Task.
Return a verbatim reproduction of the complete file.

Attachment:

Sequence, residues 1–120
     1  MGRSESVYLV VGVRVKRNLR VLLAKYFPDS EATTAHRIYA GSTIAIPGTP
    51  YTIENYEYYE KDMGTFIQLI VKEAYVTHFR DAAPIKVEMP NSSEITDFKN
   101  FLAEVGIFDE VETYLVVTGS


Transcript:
Sequence, residues 1–120
     1  MGRSESVYLV VGVRVKRNLR VLLAKYFPDS EATTAHRIYA GSTIAIPGTP
    51  YTIENYEYYE KDMGTFIQLI VKEAYVTHFR DAAPIKVEMP NSSEITDFKN
   101  FLAEVGIFDE VETYLVVTGS